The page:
Top 10 TV Show Intros (Part V)


 

There’s something pure about how a TV show introduction is constructed, and yes, saying that does make me feel like an arty wanker. But there’s few other places that creative types can work as freely in a mainstream setting. There’s no limit to what they can do with the visuals and sound in making surrealistic montages that evoke drama, excitement and suspense.

If you don’t see a favourite make sure you check the first four parts of this series. Still not there? Suggest it in the comments!

10. GLOW

Why is this at the end of the list? Because they only put it on the first episode! What the hell, guys? This was a great opening! It’s thematic, it’s evocative of the era and it gives us an intro to some of the characters. It immediately stood out as a great effort and it’s a shame they didn’t keep using it.

 

9. DUNGEONS & DRAGONS

Ok, full disclosure. I was going to include Dilbert on this list but Scott Adams is such a prick that I booted it. Instead I went with this old favourite. Not many people remember that the D&D gaming franchise produced a cartoon back in the day, let alone it having some amazing villains. What we like about this intro is how well they condense the bonkers plot into a 90 second summary complete with everyone’s character class.

8. MYSTERY SCIENCE THEATRE 3000

This one tells the whole story not with the visuals but with a catchy theme tune! I admire the commitment of changing and adapting the lyrics to include and explain new and exiting characters, changes to the story and the set-up for the odd situation the show revolves around. La la la.

7. WEEDS

It’s telling that the series went off the rails at the same time they dropped their awesome introductory sequence. Having a different artist performing the title song of ‘Little Boxes’ was a nice touch. Then there’s a clever idea of overlapping the footage to give us a series of identical suburbanites going about their day, setting us up for some sharp satire.

 

6. TRANSFORMERS

I’m allowed to have a nostalgic pick every once in a while. I also maintain that 1980s animation was a golden age of opening sequences. The animation always took a step up in quality and the theme songs were always catchy. And now Lee can’t complain that I missed it again.

5. MONTY PYTHON’S FLYING CIRCUS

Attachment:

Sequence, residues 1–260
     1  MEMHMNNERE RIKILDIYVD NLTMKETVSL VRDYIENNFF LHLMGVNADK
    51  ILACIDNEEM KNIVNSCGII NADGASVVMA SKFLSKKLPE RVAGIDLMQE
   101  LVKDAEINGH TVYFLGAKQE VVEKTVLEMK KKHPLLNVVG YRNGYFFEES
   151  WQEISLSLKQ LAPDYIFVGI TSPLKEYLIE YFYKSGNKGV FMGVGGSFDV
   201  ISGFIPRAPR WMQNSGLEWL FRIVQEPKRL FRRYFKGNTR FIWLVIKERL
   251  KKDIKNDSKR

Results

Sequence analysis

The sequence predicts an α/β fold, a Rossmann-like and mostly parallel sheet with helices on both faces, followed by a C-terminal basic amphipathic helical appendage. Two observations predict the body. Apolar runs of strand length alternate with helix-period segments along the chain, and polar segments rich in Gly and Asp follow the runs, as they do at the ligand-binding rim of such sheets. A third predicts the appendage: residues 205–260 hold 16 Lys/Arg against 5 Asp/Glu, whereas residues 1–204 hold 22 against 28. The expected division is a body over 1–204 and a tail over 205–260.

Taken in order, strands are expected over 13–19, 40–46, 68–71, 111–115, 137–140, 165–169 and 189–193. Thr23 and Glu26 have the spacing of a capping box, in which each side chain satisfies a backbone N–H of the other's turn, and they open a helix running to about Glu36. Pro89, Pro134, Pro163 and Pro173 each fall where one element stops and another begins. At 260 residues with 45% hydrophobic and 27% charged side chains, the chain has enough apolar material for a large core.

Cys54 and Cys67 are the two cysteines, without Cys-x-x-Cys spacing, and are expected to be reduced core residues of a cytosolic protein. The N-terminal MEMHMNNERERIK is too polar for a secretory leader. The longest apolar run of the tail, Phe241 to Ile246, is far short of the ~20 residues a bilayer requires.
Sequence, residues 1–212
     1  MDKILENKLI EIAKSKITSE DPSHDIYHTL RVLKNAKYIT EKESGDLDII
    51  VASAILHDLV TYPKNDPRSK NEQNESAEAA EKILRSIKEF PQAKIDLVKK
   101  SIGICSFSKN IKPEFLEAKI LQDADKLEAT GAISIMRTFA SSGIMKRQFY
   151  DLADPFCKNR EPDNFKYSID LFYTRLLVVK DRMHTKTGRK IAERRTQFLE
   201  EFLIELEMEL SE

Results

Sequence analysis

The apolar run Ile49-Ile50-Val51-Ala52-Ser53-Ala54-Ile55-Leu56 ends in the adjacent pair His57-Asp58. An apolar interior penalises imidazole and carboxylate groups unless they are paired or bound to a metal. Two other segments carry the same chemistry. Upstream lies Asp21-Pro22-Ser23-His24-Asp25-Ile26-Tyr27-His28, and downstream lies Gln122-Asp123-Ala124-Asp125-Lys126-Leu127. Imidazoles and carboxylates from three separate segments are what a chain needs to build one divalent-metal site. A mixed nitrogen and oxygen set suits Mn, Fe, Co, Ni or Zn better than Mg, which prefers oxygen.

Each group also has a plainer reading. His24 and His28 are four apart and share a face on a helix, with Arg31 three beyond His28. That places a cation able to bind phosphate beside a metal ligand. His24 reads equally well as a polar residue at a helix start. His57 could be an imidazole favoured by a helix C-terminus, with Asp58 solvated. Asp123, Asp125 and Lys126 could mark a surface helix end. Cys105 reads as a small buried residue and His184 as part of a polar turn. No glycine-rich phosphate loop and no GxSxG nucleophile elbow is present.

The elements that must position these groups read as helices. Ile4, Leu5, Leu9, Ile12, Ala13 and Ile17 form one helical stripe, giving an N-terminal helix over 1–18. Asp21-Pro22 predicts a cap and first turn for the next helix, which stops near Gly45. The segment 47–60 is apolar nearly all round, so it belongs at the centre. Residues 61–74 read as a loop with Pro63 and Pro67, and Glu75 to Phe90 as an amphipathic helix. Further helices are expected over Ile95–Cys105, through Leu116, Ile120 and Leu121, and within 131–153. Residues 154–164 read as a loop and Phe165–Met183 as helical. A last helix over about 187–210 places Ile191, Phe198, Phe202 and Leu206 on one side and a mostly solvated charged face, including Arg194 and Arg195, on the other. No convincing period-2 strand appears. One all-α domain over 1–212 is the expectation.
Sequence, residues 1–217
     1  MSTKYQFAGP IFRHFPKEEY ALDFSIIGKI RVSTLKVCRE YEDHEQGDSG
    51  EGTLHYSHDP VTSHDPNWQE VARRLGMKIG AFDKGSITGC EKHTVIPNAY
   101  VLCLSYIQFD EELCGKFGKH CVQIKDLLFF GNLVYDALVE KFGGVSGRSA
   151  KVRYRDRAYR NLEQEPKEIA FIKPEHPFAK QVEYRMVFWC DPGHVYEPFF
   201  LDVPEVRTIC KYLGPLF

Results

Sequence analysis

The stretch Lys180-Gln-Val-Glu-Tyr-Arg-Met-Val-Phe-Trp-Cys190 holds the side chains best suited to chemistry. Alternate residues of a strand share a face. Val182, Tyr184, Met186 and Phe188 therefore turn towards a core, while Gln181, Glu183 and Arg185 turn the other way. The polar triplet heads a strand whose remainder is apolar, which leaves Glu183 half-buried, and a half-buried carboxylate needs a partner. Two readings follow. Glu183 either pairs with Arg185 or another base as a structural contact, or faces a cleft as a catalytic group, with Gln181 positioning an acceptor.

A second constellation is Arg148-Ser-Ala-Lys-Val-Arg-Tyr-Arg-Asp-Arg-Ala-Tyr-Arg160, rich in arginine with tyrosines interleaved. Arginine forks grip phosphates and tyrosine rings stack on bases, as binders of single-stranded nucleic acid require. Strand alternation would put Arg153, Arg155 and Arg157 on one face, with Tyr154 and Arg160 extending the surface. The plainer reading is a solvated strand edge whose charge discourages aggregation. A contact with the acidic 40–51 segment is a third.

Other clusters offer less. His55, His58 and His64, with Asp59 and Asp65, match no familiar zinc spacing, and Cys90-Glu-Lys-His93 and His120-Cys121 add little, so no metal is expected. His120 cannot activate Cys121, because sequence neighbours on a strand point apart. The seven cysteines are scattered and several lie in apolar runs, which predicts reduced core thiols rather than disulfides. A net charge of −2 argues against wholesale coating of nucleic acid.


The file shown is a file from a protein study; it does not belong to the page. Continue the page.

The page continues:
There are few things on television quite as iconic as Terry Gilliam’s animation. Setting him lose on the introduction to their comedy troupe’s TV show was a smart idea. The absurdist imagery couple with the bombastic big band tune is the perfect summation of the show itself.

4. JESSICA JONES

Daredevil had already impressed us with it’s dark, street level take on the MCU and matched it’s tone with a red, blood soaked intro sequence. Jessica Jones had the added challenge of marking itself as unique from Daredevil while remaining part of the same universe. To that end they created a modern introduction sequence that drew heavily from film noir style and a distinct purple colour scheme. Super cool.

3. COWBOY BEBOP

Whilst not an anime viewer myself, this series did get my attention because it’s damn cool (although One Punch Man also came close to making the list). The combination of dark, noir style visual, fast paced jazz and spaceships sells the show extremely well. Let’s jam.

2. CARNIVALE

This short lived series came on the back of Lost, Battlestar Galactica and other high concept, high budget ensemble shows at the beginning of this brilliant era of television, but unfortunately didn’t bring in enough viewers to go the distance. Why people don’t want to see Tom Clancy playing a corrupt priest who gets involved in a supernatural battle with sideshow performers is beyond my understanding. The opening show combines original footage of dust-bowl USA during the great depression amid shifting images of Tarot cards. It highlights the strong contrast between the setting and the themes, one of the unique aspects of the show, rounded out with a haunting tune.

1. AMERICAN GODS

This show is amazing in it’s own right, being packed with awesome performances, visuals and concepts. Based on the book by Neil Gaiman it relocates ancient myths to modern Americana and imagined what new deities could rise out of our culture. The internet is packed full of videos and essays deconstructing it and, unsurprisingly, there’s masses of information focused just on the surreal nightmare of the opening titles. It’s a bizarre mash up of the two core motifs of the show – religion and the modern USA. Astronauts hanging from the crucifix, a statue Buddha tripping out on drugs, a menorah made of network cables, pyramids guarded by robotic toys and the final reveal of everything forming a garish, neon totem. Between the music and the visuals it almost feels like an attack.

 

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